During his first vet visit, we learned that Jack was positive for feline immunodeficiency virus (FIV). You can learn more about FIV here. Our vet surmised that Jack likely contracted the virus when he sustained his ear and eye injury as a stray.

Jack at his first veterinary visit.

The rest of Jack’s labs came back completely normal, and the vet estimated that he was about a year old. After receiving a clean bill of health, we scheduled a neuter surgery and prepared to find Jack a forever home!

It didn’t take Jack long to settle in here at The Isle, and before long he had assimilated into our pack of misfits. Jack now spends his days playing with our other resident cat, Walter Croncat, and sunning his buns in the living room window. He’s an absolute joy to have around and would do well in just about any home. To inquire about adopting One-Eyed Jack, email islandofmisfitchihuahuas@gmail.com for more information!

Handsome One-Eyed Jack is available for adoption!

Peter Jennings

I have chihuahuas.  A lot of them.  More than a couple…. Okay, four.  I have FOUR chihuahuas.  Don’t judge me, I can explain.  It all started with Peter Jennings…

I was 22, fresh out of college, and working as a waitress in Lexington, Kentucky, when I met the love of my life.  He was six weeks old, and only weighed 1.5 pounds when I met him.  He was a tiny Chihuahua-Pomeranian mix that was brought to the restaurant by one of our regular customers.  The customer’s female dog had just had an unexpected litter of puppies (this is why we spay/neuter), and he was looking to either give the pups away or ditch them somewhere.  Naturally, I took them all.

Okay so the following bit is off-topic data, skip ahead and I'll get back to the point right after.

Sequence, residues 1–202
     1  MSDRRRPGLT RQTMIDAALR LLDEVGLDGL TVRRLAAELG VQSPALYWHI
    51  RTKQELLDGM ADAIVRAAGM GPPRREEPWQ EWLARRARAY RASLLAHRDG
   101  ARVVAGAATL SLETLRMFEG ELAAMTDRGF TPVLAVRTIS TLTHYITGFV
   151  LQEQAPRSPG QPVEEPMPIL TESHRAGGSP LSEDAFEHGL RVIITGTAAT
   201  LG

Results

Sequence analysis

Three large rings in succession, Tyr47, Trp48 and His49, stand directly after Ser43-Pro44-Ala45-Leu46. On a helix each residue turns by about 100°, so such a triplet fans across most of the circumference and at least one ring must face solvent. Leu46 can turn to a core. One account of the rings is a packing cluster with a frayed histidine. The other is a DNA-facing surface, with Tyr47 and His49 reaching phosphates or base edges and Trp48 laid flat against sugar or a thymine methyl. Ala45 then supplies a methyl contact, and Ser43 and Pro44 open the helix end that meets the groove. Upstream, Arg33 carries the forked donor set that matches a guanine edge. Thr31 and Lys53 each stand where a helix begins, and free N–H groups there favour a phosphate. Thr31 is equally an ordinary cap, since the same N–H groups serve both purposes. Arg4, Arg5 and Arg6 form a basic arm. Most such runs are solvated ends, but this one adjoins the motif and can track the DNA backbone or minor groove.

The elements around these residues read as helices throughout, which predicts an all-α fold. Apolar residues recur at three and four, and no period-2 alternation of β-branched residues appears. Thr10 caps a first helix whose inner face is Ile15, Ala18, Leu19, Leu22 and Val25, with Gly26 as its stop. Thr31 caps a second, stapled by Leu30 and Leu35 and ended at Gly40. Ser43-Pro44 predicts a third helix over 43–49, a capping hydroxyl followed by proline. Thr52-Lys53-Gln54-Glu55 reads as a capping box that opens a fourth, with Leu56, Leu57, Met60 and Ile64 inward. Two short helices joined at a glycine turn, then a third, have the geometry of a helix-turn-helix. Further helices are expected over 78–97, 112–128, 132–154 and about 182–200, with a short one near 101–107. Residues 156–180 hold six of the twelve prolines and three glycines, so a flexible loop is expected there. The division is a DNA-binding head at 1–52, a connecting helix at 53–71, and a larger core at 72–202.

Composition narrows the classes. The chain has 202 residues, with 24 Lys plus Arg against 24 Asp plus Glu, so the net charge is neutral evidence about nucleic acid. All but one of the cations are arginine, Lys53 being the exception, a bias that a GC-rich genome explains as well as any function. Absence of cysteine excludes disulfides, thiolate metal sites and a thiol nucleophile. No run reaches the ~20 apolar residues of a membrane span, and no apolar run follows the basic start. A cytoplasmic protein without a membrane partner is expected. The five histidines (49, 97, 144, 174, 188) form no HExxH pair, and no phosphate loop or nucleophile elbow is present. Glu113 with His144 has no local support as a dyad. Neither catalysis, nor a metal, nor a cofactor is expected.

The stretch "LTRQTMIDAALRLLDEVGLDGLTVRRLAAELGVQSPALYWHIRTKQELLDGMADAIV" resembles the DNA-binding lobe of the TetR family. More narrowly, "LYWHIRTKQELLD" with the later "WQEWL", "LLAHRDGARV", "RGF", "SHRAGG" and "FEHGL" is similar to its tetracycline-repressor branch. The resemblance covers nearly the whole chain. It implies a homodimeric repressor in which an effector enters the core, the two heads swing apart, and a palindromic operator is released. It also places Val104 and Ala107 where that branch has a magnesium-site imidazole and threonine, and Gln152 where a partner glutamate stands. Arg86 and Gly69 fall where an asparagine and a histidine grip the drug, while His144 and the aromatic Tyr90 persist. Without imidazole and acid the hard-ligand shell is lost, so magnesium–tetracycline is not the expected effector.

baby PJ
He looked like a kitten!

I brought the pups home in a box that had formerly housed a crock-pot.  They looked like little black hamsters scrambling around the bottom, and as soon as I sat them down, Peter began to trample his smaller siblings in an effort to get to me.  He was handsome and debonair, just like my favorite ABC news anchor, and I knew immediately that he was “the one.”  I was able to find homes for his siblings, and “PJ,” as he came to be called, stayed with me and became my constant companion.  That was ten years, and about five dogs ago.

 

pj life jacket
Doesn’t he look just thrilled to be in that life jacket?

Since that time, Peter Jennings and I have been inseparable.  I had always considered myself to be more of a “big dog” kind of girl, but one look from those bugged-out chihuahua eyes, and I was done.  When PJ was only three, he herniated a disc in his back and was temporarily paralyzed.  I was still a fairly inexperienced dog owner at that point, and was seriously considering the possibility of putting down my best friend.  Surgery was expensive and risky, and it was not  guaranteed that Peter would ever fully recover.  After much debating, and many vet visits, we decided to put PJ on a 6 week crate confinement and steroid regimen.  Once he was out of “crate jail,” I started taking him swimming in the lake to regain the strength he had lost in his hind legs.  Over time, PJ made a full recovery, and to this day, is able to enjoy walks and swims with his brothers.  I formed a deep bond while taking care of my inured little buddy, and as the years went by, more and more “handicapable” dogs found their way into my family.  There was the geriatric and morbidly obese “Tito,” followed by one-eyed “Abraham,” then paraplegic “Charlie,” and finally hairless “Harvey” with the autoimmune disease.  Tito passed away a few years ago at the ripe old age of 13, and the rest of the boys and I now live in sunny St. Petersburg, Florida.  There is definitely never a dull moment around here, and I sometimes feel as though I’m running a one-woman kennel, but I wouldn’t change a thing.  Taking care of these specially-abled pups is one of my greatest joys, and I wouldn’t trade it for anything!

UPDATE:  Peter gained his angel wings and crossed the rainbow bridge in the Fall of 2017.  He was a beloved companion for 11 years, and I will continue to adopt the “un-adoptable” in his memory.